The rest of Knoblauch's game was affected by his defensive struggles. His batting average, home run totals and stolen base totals dropped considerably, and, after hitting .056 in the Yankees' 2001 postseason run, Knoblauch was not re-signed by New York. He was out of baseball one year later.
Rick Ankiel, St. Louis Cardinals, 2000
Ankiel burst onto the scene as a 20-year-old promising pitching prospect for the Cardinals in 1999. After only 30 innings his first season, Ankiel became a full-time starter in 2000. His line for that season was the following: 30 games started, 11-7, 3.50 ERA, 194 strikeouts.
His regular season performance was impressive enough to earn him a second-place finish in NL Rookie of the Year voting. He was also named St. Louis' Game 1 starter in the NLDS against the Atlanta Braves. That is when the wheels fell off. Courtesy of Wikipedia, here is a batter-by-batter recap Ankiel's second inning performance.
- Greg Maddux walks on four pitches.
- Rafael Furcal fouls out to first baseman Will Clark.
- Andruw Jones at bat: two wild pitches (on 0-1 and 2-1) would advance Maddux to second and then third. A. Jones walks on five pitches.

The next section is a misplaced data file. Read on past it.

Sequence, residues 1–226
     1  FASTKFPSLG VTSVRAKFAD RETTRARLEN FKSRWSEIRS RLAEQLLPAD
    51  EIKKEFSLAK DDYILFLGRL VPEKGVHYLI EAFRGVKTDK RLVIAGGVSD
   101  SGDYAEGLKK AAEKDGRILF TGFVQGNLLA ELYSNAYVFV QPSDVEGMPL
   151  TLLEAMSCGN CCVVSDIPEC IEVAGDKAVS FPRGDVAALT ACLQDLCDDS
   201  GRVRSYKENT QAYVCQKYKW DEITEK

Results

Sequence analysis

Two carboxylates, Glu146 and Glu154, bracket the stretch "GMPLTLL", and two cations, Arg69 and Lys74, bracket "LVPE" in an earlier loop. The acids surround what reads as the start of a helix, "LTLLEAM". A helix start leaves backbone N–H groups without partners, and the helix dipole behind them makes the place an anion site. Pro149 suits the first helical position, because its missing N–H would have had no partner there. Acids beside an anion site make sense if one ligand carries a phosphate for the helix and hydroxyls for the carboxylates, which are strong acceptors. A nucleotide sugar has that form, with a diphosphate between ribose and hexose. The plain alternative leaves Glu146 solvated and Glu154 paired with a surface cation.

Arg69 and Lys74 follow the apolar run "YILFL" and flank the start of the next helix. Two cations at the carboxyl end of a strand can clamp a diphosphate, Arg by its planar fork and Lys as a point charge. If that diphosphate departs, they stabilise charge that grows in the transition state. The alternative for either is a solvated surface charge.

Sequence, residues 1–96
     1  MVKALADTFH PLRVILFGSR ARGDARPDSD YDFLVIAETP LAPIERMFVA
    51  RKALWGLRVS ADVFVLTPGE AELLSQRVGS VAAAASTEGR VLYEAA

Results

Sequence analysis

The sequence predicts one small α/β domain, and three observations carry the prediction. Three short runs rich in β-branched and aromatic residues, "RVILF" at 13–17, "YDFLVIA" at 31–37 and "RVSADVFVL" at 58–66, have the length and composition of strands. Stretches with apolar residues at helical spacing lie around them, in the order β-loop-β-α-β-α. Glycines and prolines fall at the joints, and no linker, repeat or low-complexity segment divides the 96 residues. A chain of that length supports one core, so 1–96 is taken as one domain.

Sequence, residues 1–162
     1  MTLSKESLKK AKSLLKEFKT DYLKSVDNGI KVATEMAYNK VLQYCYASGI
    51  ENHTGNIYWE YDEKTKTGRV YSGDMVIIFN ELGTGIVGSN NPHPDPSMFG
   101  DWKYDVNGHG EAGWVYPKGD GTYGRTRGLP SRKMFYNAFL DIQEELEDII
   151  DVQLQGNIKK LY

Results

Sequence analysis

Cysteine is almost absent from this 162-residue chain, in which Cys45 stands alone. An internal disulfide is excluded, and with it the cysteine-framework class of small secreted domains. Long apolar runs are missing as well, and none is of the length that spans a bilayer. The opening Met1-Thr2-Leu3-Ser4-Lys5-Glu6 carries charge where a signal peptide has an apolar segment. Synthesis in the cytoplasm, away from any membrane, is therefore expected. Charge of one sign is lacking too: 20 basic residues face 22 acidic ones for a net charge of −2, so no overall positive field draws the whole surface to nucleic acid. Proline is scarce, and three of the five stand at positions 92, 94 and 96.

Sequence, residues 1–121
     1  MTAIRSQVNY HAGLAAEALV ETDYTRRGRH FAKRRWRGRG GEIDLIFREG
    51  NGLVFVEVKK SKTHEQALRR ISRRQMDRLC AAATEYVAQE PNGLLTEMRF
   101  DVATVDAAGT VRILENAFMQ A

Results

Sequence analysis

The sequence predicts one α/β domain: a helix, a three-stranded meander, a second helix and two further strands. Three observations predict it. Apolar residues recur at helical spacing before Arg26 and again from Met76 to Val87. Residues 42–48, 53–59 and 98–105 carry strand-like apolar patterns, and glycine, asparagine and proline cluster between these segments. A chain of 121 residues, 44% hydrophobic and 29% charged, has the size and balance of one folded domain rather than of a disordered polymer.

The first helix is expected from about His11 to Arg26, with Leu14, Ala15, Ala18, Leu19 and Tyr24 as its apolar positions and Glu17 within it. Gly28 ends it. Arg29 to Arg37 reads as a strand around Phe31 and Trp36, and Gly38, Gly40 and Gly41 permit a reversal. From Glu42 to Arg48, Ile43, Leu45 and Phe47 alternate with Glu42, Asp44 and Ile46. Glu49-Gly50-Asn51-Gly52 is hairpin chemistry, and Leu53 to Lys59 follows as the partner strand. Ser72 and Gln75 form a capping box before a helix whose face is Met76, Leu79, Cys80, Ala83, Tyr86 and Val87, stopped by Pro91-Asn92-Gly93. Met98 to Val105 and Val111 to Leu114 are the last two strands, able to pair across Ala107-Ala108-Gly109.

- Chipper Jones at bat: a third wild pitch (on 2-2) would advance A. Jones to second. C. Jones strikes out looking.
- Andrés Galarraga walks on a full count. Ball four would be the fourth wild pitch of the inning, scoring Maddux and advancing A. Jones to third.
- Brian Jordan singled to center. A. Jones scores, Galarraga to second.
- Reggie Sanders at bat: a fifth wild pitch (on 1-1) advances Galarraga to third and Jordan to second. Sanders walks on five pitches.
- Walt Weiss singled to center. Galarraga and Jones score. On the throw home by Ray Lankford, Sanders to second.
Five wild pitches in one inning. In the NLCS, Ankiel pitched 1.1 innings and threw four more wild pitches. In 175 regular season innings of work, he only threw two.
Like Knoblauch, he never recovered. Ankiel began the next season with the same problem, he couldn't find the strikezone. Soon, he was back in the minors, then out of baseball. However, in 2008, he broke back into the Major Leagues, but this time as an outfielder, and he is still a big league ballplayer.